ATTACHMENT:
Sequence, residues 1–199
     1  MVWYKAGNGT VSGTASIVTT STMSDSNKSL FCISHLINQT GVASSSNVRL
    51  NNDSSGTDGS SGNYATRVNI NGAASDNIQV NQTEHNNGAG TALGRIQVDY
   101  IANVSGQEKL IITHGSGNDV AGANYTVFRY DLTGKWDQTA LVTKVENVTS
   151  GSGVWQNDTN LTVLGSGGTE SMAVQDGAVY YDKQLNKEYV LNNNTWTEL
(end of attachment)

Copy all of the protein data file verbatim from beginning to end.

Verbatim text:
Sequence, residues 1–199
     1  MVWYKAGNGT VSGTASIVTT STMSDSNKSL FCISHLINQT GVASSSNVRL
    51  NNDSSGTDGS SGNYATRVNI NGAASDNIQV NQTEHNNGAG TALGRIQVDY
   101  IANVSGQEKL IITHGSGNDV AGANYTVFRY DLTGKWDQTA LVTKVENVTS
   151  GSGVWQNDTN LTVLGSGGTE SMAVQDGAVY YDKQLNKEYV LNNNTWTEL